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Docker build environment gets an upgrade!
amarillion
Member #940
January 2001
avatar

Hey,

For the past few years I've been maintaining docker build environments for allegro. These docker containers have all the dependencies needed to build a typical allegro game.

With docker installed, a typical build would look like this:

docker run \
  -v `pwd`:/data \
  amarillion/alleg5-buildenv \
  make

This will download the latest docker image amarillion/alleg5-buildenv, volume-mount the current directory inside this docker image, and run make.

Apart from the linux variant, since the release of allegro 5.2.7, I've added a few variants, so now we have:

  • linux variant. Standard ubuntu-based build environment, with Release, Debug, Static and Monolith builds installed.

  • allegro 4 variants. For compiling older games on linux.

  • mingw-w64 variant. For cross-compiling windows binaries. Targets the i686 architecture (i.e. 32 bit). If desired, I could also whip up a variant for x86-64. Release, Debug, Static and Monolith all included. At the moment, I've omitted a few of the deps that I don't use much myself, like theora and physfs, but I can add them if desired.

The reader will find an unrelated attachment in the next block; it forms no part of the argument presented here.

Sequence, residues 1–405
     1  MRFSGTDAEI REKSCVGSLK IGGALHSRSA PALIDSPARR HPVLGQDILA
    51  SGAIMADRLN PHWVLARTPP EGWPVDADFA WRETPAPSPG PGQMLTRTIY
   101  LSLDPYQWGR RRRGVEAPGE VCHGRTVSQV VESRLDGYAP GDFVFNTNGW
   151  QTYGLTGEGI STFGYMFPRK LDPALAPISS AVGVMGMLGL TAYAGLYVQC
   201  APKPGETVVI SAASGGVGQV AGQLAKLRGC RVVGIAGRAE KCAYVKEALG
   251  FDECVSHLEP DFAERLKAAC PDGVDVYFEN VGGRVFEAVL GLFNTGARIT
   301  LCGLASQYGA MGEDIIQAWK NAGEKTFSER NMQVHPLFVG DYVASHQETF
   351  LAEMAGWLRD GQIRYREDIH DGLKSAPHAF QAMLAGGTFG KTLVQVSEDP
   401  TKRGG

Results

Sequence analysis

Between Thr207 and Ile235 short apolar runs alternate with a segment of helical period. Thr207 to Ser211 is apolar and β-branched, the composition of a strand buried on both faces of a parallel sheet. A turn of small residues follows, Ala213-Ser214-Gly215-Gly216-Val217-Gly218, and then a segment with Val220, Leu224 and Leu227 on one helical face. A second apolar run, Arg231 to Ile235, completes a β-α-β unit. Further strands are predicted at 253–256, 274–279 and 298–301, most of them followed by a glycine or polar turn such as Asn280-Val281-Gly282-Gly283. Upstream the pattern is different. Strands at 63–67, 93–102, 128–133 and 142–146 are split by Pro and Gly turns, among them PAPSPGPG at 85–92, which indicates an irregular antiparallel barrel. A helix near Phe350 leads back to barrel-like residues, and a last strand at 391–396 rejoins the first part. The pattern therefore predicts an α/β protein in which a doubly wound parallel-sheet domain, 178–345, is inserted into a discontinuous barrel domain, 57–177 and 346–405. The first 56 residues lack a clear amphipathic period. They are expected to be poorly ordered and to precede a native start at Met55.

• d-lang variant. Includes D-lang tools (dmd) and SiegeLord's DAllegro5.

  • I've been working on android and emscripten variants, but these are still a work-in-progress. A raspberry PI variant is not out of the question either.

You can find all of these on dockerhub here: https://hub.docker.com/u/amarillion
Sources and some documentation is here: https://github.com/amarillion/allegro-buildenv/

So what can you do with this? Quite a lot...

  • Build a windows game from your linux machine. Using the mingw-w64 variant, you can have a working cross compilation toolchain up in a single command. No need to figure out how to cross-build all the dependencies of allegro, because I already did that for you!